Jedlicka took the pump and reinflated the raft, which had gone soft in the dinghy. ‘‘This,’’ he said, ‘‘is how presidential work is done in the field.’’ His azure suit was soiled with sludge, and when he wiped the sweat from his brow, his hand emerged striped with black arthropod entrails and jags of the blood of his face.
There was a flurry of activity on the boat. With the raft back in the water and out of the way, all assembled could see before the dinghy, on its starboard side, a white boat with a blue tarp and antenna equipment. In clean blue lettering stenciled on the side, the boat identified itself as Policija. A man in a blue uniform and blue cap gazed at the dinghy through binoculars. A second policeman worked the radio on the bridge. The President stood up and waved. The boats drew up beside each other, and their bows plinked lightly.
The President spoke amiably. ‘‘We’re sending a diplomat now to measure our borders.’’
The diplomat said, ‘‘I am from European Parliament.’’
The policeman was impassive. ‘‘What are your intentions please?’’
‘‘Now?’’ the President asked. The policeman nodded. ‘‘We send diplomat to measure borders.’’
‘‘I will warn you,’’ the policeman said, repeating some lines in English. ‘‘Everyone who steps on the right side of the river will be arrested. This border is not defined. It is in dispute. Croatia defines one way, Serbia other way.’’
The diplomat got involved. ‘‘You must respect my mandate. There is European law here.’’
‘‘We are not here to discuss with you,’’ the police official said. ‘‘Everyone will be arrested.’’ He hesitated, then pointed at the diplomat. ‘‘Except you. Your diplomatic passport protects you. We will inform our minister, and he will inform your home state.’’ The policeman seemed glad to be rid of these sentences.
The two boats continued to slowly circle each other amid the squalls of mosquitoes. The diplomat boarded the raft, with one of the documentary filmmakers, and they set off toward the Liberlandian bank, a gently sloping mud beach under a low canopy of dense foliage. The President started the engine and swung the dinghy, now much lighter, toward the center of the river. The two policemen tied their boat to a tree and went ashore.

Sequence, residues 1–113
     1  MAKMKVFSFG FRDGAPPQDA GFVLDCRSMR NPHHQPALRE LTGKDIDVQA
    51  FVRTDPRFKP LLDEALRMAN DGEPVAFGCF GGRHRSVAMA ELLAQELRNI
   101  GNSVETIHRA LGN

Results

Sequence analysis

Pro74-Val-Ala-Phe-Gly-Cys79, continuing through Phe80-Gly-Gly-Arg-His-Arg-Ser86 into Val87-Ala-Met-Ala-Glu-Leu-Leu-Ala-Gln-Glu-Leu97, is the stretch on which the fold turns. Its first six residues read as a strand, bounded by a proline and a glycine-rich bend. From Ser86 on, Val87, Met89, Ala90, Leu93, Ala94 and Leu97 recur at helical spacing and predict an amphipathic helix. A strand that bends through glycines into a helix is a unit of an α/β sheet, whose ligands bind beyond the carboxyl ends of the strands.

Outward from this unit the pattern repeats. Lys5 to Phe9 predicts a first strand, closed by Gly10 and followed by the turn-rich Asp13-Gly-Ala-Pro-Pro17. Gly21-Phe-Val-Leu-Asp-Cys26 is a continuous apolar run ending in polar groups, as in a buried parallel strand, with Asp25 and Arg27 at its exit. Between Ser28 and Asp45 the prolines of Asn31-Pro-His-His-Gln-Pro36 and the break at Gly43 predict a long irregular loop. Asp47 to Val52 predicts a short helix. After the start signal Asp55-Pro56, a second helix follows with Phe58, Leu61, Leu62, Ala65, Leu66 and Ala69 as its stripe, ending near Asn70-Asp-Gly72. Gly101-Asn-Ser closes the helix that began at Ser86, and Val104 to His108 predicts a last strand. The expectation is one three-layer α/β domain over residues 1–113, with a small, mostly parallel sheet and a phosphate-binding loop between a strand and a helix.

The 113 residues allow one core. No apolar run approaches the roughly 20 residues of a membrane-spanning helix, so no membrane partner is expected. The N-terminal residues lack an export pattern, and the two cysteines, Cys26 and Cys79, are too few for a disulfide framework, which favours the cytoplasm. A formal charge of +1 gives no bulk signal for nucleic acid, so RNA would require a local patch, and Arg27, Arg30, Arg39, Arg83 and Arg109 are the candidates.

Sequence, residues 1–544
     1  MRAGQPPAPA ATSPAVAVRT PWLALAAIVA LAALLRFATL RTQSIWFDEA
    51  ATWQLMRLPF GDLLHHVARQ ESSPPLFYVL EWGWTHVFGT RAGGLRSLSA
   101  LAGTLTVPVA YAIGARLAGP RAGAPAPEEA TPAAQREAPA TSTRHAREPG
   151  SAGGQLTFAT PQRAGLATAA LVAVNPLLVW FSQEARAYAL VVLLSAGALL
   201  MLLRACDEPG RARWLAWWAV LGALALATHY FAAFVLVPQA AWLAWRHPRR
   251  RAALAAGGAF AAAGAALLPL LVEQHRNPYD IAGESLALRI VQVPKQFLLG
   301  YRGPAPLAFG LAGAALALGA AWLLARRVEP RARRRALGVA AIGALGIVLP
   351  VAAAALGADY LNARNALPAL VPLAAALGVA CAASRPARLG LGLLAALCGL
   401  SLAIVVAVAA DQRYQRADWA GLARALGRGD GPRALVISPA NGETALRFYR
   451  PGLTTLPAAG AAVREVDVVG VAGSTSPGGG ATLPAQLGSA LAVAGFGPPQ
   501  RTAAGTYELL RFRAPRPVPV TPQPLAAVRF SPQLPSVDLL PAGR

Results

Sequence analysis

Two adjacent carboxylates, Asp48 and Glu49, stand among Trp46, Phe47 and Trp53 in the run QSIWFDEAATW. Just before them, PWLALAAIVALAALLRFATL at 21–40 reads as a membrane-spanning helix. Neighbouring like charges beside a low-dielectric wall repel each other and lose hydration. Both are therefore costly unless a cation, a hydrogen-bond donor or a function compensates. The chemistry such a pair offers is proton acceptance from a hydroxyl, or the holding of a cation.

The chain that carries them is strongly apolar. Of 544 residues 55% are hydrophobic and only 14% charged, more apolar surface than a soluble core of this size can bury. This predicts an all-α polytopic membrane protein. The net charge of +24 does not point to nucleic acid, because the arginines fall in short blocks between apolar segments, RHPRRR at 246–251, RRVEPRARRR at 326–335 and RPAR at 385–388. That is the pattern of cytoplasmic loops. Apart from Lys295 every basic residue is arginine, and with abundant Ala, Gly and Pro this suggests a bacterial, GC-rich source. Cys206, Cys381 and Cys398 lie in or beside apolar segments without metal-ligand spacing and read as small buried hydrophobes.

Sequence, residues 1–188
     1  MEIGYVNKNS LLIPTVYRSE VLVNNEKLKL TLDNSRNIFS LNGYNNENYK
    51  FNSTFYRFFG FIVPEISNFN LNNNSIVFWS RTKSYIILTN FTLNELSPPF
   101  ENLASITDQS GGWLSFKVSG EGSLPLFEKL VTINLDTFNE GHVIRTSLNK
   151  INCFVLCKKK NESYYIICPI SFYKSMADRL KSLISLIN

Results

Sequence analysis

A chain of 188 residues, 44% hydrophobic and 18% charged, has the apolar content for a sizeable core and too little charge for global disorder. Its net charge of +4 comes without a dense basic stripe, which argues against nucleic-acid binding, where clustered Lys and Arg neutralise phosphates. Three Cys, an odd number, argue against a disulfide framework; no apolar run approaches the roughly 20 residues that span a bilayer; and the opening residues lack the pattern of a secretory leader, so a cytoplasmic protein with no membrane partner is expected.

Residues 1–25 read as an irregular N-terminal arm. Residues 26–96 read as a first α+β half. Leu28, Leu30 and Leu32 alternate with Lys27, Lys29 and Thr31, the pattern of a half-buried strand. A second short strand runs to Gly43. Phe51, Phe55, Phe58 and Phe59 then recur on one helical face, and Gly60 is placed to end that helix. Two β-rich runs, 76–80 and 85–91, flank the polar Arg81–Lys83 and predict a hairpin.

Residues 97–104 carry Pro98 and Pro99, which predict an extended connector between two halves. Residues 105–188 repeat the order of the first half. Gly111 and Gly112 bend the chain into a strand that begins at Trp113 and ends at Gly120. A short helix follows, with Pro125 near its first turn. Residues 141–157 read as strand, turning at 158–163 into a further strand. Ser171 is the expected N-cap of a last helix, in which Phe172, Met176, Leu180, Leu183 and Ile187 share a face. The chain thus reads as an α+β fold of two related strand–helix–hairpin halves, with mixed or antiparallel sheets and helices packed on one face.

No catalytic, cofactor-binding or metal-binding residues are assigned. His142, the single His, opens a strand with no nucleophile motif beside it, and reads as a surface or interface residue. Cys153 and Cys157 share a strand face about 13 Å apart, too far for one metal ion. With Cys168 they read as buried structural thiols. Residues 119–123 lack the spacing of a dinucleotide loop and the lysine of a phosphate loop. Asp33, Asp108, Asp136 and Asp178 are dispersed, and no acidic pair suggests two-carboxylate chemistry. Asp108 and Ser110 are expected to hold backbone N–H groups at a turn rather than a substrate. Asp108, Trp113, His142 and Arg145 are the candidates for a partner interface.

The Austrian was encouraged. ‘‘They’re busy on the shore. We can go to Liberty Island and plant flag.’’
‘‘Yeah,’’ Jedlicka said, ‘‘but you’d get arrested.’’ Happy with the success of the mission thus far, he was in no mood to countenance more bodily sacrifice. The young filmmaker who went ashore did not look prepared to spend the night in a dank, windowless cell of the border garrison, where 28 L.S.A. affiliates had already spent at least one night. The President swooped the dinghy in doughnuts around the middle of the river, peering over to see what was happening beneath the forest canopy. He smiled broadly, and two mosquitoes landed as black marks on his white teeth. On the shore, the policemen were arresting the filmmaker and escorting the diplomat to their boat.
As we set off upstream in the pinkening green, the President stood in the stern, sunburned, his face blotchy and cratered with scratched bites, his blond hair darkened by sweat and matted down. Roots extended from the eroded Serbian banks like long gnarled brooms, while the trees on the Croatian bank cast dark and extravagant emblems on the placid Danube.
5. The Matrix
The Ryanair flight to London gave the President his first time to think in several days. He felt, it was clear, that what was required at this clotted, uncertain juncture was a sense of destiny. The only way he could retake full control from the L.S.A. and rally his own troops against the threat of Croatian incursion was to offer his followers a strong and coherent vision for how the nation would be established.
What the President already knew was the following: The nation would be run by a legislative assembly of 20 individuals, but all laws could be vetoed by public referendum. He already had a designer’s rendering of the future parliament building. It looked like a ranch house with an enormous porch, its roof arched in segments like a scaly fish in flight. ‘‘The entire government,’’ Jedlicka insisted, ‘‘will fit into this building, and will not ever grow larger.’’ As far as future construction went, there were varying points of view on how many people could fit on Liberland itself, but at least one artist on the Internet had imagined a hyperdense city of towering skyscrapers.
Liberland was mostly marsh, however, and Jedlicka was not sure about the price of the necessary pylons. Beyond that issue, it was important to him that people not forget that his project was not solely about this small parcel of boar-crossed, mosquito-fogged swampland. This was a unique opportunity to create a worldwide movement for freedom — a way to distribute freedom instead of just concentrating it in this small state.